Make a Meteoric Composition with Stellar Light Effects
You may click on the image below to see the full scale of the image we will build.
Step 1: Create the Stars in Cinema 4D
Our background will be pitch black with stars dotting it. There are many ways to create stars and you could make them using other software — even Photoshop — but the advantage of doing this in Cinema 4D is the speed in which you are able to create them.
Note: If you don’t want to do this part or if you don’t have access to Cinema 4D, that’s fine, it will not affect the rest of the tutorial. Just use a plain black background and skip to Step 3.
In Cinema 4D, create a sphere.
In the right panel (Attributes tab), change the number of segments. I set the number to 50, but feel free to experiment with this value.
Next, add an Explosion modifier that will scatter the sphere.
Drag and drop the Explosion modifier onto sphere.
In the Attributes tab for the Explosion modifier, change the Strength. I set it to 77%, but again, feel free to experiment with this value.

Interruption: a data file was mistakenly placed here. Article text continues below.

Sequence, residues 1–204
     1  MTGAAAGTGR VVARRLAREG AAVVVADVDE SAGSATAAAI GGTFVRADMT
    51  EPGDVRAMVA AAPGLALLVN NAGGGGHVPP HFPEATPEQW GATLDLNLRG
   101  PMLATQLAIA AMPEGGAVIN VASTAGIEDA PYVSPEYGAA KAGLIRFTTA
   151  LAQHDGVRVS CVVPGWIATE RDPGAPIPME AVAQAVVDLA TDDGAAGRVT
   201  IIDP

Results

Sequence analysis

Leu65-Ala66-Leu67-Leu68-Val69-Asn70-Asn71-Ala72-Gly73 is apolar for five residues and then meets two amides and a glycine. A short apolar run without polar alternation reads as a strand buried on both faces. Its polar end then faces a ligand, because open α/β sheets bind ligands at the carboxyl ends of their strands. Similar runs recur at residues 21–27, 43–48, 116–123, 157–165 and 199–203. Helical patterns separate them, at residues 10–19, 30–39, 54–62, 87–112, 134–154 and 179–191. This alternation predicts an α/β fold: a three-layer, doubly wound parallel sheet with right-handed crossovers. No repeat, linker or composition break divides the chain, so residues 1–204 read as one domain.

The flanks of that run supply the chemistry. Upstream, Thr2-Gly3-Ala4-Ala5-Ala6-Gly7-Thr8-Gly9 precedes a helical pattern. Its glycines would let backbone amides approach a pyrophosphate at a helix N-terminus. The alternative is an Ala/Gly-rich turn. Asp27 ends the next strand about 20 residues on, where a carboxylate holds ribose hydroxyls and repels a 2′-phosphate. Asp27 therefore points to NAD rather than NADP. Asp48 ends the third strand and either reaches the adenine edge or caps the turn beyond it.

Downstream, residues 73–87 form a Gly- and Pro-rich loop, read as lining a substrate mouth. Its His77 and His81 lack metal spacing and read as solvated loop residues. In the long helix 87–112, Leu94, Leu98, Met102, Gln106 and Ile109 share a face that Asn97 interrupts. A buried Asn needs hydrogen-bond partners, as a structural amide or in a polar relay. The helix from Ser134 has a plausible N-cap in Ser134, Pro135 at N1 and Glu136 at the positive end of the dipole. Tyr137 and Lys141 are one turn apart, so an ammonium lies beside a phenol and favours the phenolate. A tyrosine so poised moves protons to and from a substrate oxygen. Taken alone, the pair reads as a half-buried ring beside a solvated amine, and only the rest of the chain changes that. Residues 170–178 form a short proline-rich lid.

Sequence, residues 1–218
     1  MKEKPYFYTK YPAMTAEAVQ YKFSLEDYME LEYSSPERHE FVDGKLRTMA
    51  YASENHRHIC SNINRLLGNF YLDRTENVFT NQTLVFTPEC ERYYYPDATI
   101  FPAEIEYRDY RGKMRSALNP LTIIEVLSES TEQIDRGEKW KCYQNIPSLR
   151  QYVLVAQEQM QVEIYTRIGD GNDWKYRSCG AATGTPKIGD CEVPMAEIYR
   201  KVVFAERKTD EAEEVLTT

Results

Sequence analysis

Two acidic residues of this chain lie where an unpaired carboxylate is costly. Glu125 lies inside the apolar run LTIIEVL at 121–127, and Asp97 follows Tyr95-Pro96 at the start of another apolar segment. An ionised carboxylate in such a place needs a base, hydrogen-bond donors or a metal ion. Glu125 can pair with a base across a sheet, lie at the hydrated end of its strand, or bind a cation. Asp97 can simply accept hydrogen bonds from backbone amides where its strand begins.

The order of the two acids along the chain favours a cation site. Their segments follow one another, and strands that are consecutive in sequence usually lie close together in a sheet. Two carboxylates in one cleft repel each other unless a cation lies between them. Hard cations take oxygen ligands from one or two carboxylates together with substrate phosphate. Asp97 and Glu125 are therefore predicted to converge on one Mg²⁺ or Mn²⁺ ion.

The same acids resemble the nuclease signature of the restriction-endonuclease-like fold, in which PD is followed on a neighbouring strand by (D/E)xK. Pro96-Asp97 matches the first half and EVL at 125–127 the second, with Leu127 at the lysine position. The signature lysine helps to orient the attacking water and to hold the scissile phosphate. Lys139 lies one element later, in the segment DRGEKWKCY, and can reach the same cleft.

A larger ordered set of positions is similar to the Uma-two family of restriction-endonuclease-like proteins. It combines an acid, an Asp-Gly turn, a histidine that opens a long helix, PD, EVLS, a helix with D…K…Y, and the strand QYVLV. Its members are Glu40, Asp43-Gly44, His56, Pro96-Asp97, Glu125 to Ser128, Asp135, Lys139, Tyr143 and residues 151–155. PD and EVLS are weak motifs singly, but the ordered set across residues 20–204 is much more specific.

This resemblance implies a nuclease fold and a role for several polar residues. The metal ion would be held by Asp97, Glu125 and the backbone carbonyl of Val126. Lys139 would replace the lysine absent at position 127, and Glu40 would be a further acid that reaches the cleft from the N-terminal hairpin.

If you want more stars, just copy and paste and then rotate using the Rotate Tool to add randomness and variations in your stars. You can also change the perspective by pressing Alt + click, and then move the mouse to modify the angle.
Time to render our stars; go to Render > Render Settings.
Personally, I always do big renders because you can always reduce the size later. Remember though that the bigger it is, the longer it will take to render depending on your computer’s capabilities. You can see the settings of my render below.
To render, just press Shift + R.
Step 2: Open and Tweak the Stars in Photoshop
Now we need to move our stars into Photoshop. Open the rendered file in Photoshop.
Let us make the stars more vivid by adding a Brightness/Contrast adjustment layer. You can add an adjustment layer in Photoshop by clicking on the layer you want to add it on, and then clicking on the Create new fill or adjustment layer icon (it looks like a circle which is half filled with black and half filled with white) at the bottom of the Layers Panel.
When you click the icon, you will be presented with a menu; just select the fill or adjustment layer you want to add — in this case, we want to select Brightness/Contrast.
We will be adding several adjustment layers throughout this tutorial, and the process for adding them will be the same as above.
Just experiment with the Brightness/Contrast value until you arrive at something that you like.
Step 3: Add the Subject into Photoshop